The Secret to Getting Unstuck

Dale Carnegie’s wisdom reminds us that our reactions to circumstances shape our emotions.

Moments of Feeling Stuck

We’ve all experienced those moments when it feels like we’re trapped in a quagmire. It’s a time when we might feel immobilized, question our worth, and find ourselves in a state of bewilderment. We yearn to move forward, knowing we should, but it seems impossible. Gradually, these feelings can transform into anxiety, fear, and an overwhelming sense of unease.

Rethinking Being “Stuck”

But what if, just what if, being stuck isn’t the real issue? What if it’s more about how we perceive these moments?

Understanding the Nature of Feeling “Stuck”

Every year, there are periods when we might sense that we’re in a rut. However, upon closer examination, we may realize that labeling this as “being stuck” is merely a construct we impose on a natural facet of life. It’s a phase when progress might appear slow, and anxiety arises when we believe it should be otherwise. We sometimes force ourselves to work, generate ideas, and make things happen, only to find that we’re still in what we call a “stuck” situation.

So, is “being stuck” more about our perception of life?

Unraveling the Causes

Feeling stuck often occurs when we impose unrealistic expectations on ourselves or when we believe that life should conform to a particular mold. It’s evident when words like “should,” “have to,” and “must” dominate our thoughts. Yet, when we let go, embracing these quieter phases in life, we might discover that things are okay. We recognize that we can’t control life; we can only be receptive to what it presents to us.

The Key to Overcoming Being Stuck

Being stuck can be likened to quicksand; the more we struggle to escape, the deeper we sink. The urge to control and manipulate life, driven by insecurity, often takes hold. We may assume that if we could just gain control, everything would fall into place. However, it’s only when we confront reality that we begin to experience a shift. Here are three steps we can take:

  1. Surrender to the Moment: When feeling stuck, we surrender to the experience. We acknowledge the thoughts and feelings that label us as stuck or wrong. By remaining fully present in the moment, we realize there is no real “stuck.” It’s merely a mental construct based on our expectations of how life should unfold. We take a deep breath of relief, even if the feelings persist. We observe our thoughts without resistance, learning to appreciate these moments of feeling “stuck.”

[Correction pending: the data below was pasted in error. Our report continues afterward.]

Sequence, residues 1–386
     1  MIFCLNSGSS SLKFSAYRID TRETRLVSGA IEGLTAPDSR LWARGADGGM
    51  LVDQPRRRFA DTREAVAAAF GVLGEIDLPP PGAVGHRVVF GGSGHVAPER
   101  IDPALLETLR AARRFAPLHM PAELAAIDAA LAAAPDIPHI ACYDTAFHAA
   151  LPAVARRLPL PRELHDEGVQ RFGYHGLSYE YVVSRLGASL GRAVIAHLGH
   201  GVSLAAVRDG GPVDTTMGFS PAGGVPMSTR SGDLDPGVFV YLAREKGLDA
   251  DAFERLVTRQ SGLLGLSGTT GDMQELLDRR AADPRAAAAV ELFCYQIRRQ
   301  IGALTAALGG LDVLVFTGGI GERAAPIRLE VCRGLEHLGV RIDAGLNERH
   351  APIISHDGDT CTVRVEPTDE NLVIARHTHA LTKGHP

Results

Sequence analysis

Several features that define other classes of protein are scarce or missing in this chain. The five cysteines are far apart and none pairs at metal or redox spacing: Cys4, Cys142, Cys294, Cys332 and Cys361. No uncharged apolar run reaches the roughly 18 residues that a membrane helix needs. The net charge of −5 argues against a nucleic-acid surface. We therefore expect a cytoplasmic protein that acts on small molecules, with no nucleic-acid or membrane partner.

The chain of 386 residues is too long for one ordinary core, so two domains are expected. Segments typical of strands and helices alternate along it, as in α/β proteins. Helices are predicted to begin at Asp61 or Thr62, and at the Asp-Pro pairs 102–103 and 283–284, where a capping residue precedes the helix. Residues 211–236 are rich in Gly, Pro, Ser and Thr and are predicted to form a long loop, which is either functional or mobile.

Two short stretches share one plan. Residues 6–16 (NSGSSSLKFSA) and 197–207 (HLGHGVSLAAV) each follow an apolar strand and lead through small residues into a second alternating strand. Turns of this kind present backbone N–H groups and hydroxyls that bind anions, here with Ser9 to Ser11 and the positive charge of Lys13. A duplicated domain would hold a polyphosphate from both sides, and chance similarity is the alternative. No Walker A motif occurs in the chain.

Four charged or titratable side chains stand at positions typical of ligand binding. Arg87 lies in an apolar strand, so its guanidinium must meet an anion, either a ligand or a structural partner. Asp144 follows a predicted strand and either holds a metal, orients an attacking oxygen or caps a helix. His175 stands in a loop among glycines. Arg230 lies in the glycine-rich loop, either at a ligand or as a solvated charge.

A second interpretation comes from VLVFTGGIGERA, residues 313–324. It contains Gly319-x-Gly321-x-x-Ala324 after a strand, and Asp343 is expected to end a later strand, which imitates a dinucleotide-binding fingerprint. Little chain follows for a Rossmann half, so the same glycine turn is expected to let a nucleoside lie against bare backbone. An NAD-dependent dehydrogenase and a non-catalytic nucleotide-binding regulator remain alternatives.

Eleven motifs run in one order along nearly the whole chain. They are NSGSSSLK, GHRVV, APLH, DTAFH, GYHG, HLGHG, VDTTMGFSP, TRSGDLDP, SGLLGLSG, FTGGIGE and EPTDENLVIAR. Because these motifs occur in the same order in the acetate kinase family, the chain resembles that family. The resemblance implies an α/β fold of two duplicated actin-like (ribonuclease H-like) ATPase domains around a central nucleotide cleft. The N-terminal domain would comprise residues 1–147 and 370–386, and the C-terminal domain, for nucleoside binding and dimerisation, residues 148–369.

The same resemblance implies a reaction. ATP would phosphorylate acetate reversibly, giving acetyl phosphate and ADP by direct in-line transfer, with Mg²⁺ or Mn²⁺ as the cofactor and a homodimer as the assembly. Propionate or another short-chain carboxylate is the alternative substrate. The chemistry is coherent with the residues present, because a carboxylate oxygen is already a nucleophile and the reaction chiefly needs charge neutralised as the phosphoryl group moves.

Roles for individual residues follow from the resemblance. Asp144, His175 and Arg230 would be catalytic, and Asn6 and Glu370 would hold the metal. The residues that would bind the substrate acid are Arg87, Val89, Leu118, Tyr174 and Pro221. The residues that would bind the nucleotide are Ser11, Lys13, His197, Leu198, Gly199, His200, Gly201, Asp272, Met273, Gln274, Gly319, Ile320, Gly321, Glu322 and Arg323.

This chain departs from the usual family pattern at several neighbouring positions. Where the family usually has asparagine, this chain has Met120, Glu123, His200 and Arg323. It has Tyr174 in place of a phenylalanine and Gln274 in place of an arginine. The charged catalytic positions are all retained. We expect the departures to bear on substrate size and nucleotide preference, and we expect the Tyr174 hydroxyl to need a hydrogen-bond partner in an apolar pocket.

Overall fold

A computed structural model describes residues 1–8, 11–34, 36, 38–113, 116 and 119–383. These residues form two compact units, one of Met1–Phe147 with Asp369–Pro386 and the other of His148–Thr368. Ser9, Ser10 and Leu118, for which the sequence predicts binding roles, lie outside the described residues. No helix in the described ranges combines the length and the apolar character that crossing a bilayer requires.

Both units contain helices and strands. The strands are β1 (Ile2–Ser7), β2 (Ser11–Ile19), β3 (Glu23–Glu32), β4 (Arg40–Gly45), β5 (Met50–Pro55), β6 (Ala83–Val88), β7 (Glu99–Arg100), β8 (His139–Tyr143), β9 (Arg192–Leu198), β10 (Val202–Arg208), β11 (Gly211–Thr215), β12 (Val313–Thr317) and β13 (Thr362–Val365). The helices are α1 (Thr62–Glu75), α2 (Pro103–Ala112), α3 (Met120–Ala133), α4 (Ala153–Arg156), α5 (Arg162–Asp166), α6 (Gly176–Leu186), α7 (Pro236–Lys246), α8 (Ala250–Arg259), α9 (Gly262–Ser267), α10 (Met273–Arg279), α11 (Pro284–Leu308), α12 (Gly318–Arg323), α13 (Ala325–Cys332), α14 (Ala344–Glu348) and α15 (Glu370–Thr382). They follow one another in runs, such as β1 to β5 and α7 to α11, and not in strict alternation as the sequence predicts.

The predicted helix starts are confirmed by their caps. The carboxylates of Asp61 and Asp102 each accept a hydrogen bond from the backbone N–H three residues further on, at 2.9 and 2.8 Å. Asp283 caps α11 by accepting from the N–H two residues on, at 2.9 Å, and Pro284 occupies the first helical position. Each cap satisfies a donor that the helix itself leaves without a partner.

2. Find Enjoyment: During these periods, there’s always something that beckons us. We’re not entirely immobilized in every aspect of our lives. For many, it involves activities like reading, spending time with loved ones, enjoying entertainment, and occasionally, engaging in creative pursuits. We perform the necessary tasks but also grant ourselves the freedom to have fun. It’s easy to feel guilty during these times, thinking we should be doing more, but we’ve learned to accept that we’re doing our best. We are who we are, and that’s enough. Sometimes, it means doing less, but the tide eventually shifts.
  3. Express Through Writing: In moments of profound stagnation, we turn to writing. We put pen to paper, eschewing structure or censorship. Writing by hand, in the traditional way, often clears our minds better than typing on a computer. We pour out our thoughts, including the unpleasant ones. This practice reveals recurring patterns and the futility of desiring change. Increased self-awareness allows us to let go of self-imposed suffering.


Embracing Life’s Support

Resistance to reality leads to suffering in any situation. Attempting to alter what is can be self-destructive. With time, we’ve learned to view resistance as a signal to relax, recognizing that we can only do our best with the resources we have. Life unfolds through us naturally, for we are integral parts of it. We are not isolated from the world; we are interconnected with the universe. We often doubt life’s support, yet we enter this world supported by a mother’s womb. The trees in the forest receive support. We are not exceptions. Our belief that life should differ from what it is reveals our misunderstanding.

Letting Things Be

Whether feeling stuck for a week or a year, the duration is inconsequential. We do our best with the resources available. What we’ve observed is that the longer we remain stuck and the more we accept it, the greater our personal growth when we emerge from this phase. The darkest periods of life often teach the most valuable lessons. We’ve discovered that life isn’t solely about accomplishments; it’s also about rest and acceptance. These phases parallel the seasons, with periods of both light and darkness. When we accept these phases for what they are, our perceptions shift, and consequently, so do our circumstances. However, it’s essential not to make acceptance yet another obligation. Be gentle with yourselves, even when you find yourselves grappling with these moments. It’s all part of the journey.

Copyright Heal + Create. All rights reserved.


Leave a comment


  1. Thank you Kitty…
    I truly enjoyed reading this wonderful reminder!
    So true that the angle we choose to perceive anything can generate a good or not so good feeling…

    I find it useful to simply look at what is showing up, welcome the message, and then mold these energies (my emotions) so I can find a little bit of relief, one moment at a time…

    This gradually helps me retrieve my joyful momentum. Not always but often. 🙂

    Thanks for posting – Namasté!

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